NBA Commissioner Visits Stanford For Virtual Reality

virtual reality standford NBA commissioner Adam Silver

Adam Silver Visits Stanford For a Virtual Reality Lesson

NBA commissioner Adam Silver visits Stanford for a lecture in virtual reality was confident that VR could improve the game for both fans and players. VR could offer technology-based upgrades to the NBA's fan experience.  For example, courtside tickets at an NBA game are the toughest tickets to buy. By integrating VR technology, NBA might create similar experiences for fans.


Silver’s visit to the Virtual Human Interaction Lab (VHIL) was led by communication Associate Professor Jeremy Bailenson. The VHIL is one of the most sophisticated VR laboratories in the world. It consists of a full range of VR gears that create immersive virtual experiences.


Stanford VHIL

Professor Jeremy Bailenson at Stanford's VHIL


Speakers in the wall and floor are made of airplane-grade aluminum, imitating sensation of swishing wind, or the rumbling sound from an earthquake. Cameras and motion sensors track the subject's every move, and generate view at 75 frames per second onto VR goggle such as the Oculus Rift HMD.


This is not the first time NBA set foot inside the VHIL lab. Golden State Warriors and their marketing team reportedly have visited the lab several times. The NBA visitors ubiquitously agreed that VR experiences similar to the ones created by Professor Bailenson could provide a unique fan experience.


In addition to helping the millions of fans in the United States who never get to experience sitting courtside, VR experience could also provide gateway for fans in China that never gets to attend a game in their entire lifetime.


This could let fans experience what it's like to stand on the free throw line with two seconds left in a tie game and 19,000 people screaming at you,” Silver said.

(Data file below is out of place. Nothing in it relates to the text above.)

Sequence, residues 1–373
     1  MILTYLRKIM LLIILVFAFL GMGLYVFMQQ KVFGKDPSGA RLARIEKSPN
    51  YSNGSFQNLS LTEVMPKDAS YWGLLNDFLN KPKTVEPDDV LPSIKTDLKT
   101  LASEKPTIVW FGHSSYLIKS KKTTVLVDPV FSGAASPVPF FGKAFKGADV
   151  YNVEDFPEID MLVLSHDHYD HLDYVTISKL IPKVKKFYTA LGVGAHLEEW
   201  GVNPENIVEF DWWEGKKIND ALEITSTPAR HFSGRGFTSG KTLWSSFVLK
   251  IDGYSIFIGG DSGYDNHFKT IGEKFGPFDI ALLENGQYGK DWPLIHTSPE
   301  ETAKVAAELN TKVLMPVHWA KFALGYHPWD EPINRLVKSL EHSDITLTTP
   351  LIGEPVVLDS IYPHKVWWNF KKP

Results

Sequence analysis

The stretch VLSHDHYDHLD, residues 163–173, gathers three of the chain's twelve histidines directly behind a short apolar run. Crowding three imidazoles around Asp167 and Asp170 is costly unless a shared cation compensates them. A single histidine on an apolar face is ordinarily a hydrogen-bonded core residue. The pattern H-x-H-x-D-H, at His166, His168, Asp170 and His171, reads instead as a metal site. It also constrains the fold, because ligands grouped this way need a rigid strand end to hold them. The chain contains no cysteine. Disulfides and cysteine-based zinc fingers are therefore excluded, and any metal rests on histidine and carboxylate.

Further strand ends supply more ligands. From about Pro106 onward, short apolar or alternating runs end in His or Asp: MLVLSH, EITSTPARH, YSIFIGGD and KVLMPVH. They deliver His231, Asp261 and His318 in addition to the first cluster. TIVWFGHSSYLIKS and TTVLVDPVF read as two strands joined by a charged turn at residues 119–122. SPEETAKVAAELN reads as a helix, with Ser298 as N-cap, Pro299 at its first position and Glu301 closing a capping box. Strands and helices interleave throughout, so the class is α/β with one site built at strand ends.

Furthermore, VR could also improve athlete performance. VR programs could be created to train players and referees to decrease anxiety and perspiration, making better decisions in the actual game.


In the past, Bailenson has worked with Stanford's football team to create 360-degree virtual representations of what a quarterback sees after the snap. By giving quarterbacks an opportunity to repeatedly read defenses inside the simulator, Bailenson found that players improved decision-making by 30 percent, and need less time for them to make the decision.


Silver could see a similar VR sports training system being beneficial for turning point guards into better passers, or for training referees on the best places to stand to get the clearest view of play.


From a training standpoint, you look around the play and it's so clear what the best [passing] option is. Players always tell us how they get better by repeating certain situations. This could be ideal training.” Silver Said.


Author: VR Reporter

I am a hi-tech enthusiast, VR evangelist, and a Co-founder & Chief Director at Virtual Reality Reporter!

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